UH Research Is Helping Oil, Gas Companies Maximize Production
Unconventional formations have transformed the energy industry and exponentially boosted oil and gas production in recent years. However, while they have become almost commonplace in some regions of the country, there is still much to be learned about these newer formations in order to maximize production.
At the University of Houston’s (UH) Cullen College of Engineering, professors and researchers in the petroleum engineering program are currently working on ways to help the energy industry make more accurate forecasts about an unconventional reservoir’s reserves, and to maximize the reservoir’s output.
Dr. John Lee is one of the UH professors who is spearheading this research into unconventional formations. Lee is a tenured faculty member who joined the school in 2011. He frequently shares his work through talks and workshops, and he is giving a workshop in Midland during the week of Feb. 10.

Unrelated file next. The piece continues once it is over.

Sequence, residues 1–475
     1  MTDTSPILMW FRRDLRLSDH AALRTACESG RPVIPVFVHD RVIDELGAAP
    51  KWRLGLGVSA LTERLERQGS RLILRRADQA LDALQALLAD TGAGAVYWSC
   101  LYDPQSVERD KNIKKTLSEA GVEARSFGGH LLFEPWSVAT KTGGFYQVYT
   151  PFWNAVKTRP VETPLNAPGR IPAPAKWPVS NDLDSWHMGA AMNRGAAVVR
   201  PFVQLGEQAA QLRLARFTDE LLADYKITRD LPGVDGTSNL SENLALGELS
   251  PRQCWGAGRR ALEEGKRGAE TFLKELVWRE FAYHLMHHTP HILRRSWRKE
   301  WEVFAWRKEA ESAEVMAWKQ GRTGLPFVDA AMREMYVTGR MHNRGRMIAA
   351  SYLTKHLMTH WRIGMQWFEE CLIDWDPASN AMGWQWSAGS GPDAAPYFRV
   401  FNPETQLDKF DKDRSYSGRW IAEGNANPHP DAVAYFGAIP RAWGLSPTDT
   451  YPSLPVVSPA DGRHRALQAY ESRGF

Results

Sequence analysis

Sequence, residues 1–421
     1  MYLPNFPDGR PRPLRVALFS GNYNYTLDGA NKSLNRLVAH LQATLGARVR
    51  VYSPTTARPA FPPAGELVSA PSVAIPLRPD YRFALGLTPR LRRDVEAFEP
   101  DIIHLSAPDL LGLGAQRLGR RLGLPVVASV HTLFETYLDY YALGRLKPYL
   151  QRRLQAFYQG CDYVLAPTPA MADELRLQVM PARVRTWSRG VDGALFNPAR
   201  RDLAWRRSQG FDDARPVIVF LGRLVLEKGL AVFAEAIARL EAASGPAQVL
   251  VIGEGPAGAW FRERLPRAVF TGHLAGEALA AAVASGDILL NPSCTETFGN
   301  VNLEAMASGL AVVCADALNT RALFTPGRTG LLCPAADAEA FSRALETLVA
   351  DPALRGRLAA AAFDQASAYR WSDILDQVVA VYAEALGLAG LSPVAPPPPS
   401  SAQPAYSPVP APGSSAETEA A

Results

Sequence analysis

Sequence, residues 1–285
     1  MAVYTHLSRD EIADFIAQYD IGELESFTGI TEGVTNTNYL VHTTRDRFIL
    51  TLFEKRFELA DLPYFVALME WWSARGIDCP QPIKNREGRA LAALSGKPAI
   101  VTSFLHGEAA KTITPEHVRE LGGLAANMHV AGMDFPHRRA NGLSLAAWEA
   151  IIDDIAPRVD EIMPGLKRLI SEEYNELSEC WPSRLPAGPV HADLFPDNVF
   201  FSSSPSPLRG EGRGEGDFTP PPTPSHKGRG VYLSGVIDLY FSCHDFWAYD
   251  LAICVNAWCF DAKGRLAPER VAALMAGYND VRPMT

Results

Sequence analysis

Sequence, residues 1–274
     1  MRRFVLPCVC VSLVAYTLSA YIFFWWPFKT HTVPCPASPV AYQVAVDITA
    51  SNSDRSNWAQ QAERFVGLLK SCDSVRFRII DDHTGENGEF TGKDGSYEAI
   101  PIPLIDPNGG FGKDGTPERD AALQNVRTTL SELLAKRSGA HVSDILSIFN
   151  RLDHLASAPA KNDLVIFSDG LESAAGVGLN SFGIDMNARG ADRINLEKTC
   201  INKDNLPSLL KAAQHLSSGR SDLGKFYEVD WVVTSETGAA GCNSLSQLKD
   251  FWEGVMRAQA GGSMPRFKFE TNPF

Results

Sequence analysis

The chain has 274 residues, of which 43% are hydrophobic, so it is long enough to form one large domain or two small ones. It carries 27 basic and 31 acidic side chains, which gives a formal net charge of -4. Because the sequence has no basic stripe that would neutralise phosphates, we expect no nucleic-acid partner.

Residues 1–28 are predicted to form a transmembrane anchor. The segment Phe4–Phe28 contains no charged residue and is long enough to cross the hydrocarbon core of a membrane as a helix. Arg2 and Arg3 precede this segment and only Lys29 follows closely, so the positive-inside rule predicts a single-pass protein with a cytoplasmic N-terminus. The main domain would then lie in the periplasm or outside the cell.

After Lee joined UH, the petroleum engineering program was moved into the ConocoPhillips Petroleum Engineering Building at the UH Energy Research Park (ERP), where extensive research on reservoir estimations and hydraulic fracture propagation could be conducted in an effort to determine and maximize an unconventional reservoir’s performance.
Because conventional reservoirs have been around for many decades, there is enough data that has been gathered over the years to take much of the guesswork out of determining how much oil remains in these reservoirs.
“We use the production data of a particular well to predict how much oil is likely to be in the ground,” Lee said.
Unconventional reservoirs are a different story, however. Forecasting how much oil is in an unconventional shale reservoir has been very difficult because of a comparative lack of data on these types of formations. And without knowing how much oil and gas a reservoir contains, it is difficult to maximize the recovery of that reservoir.
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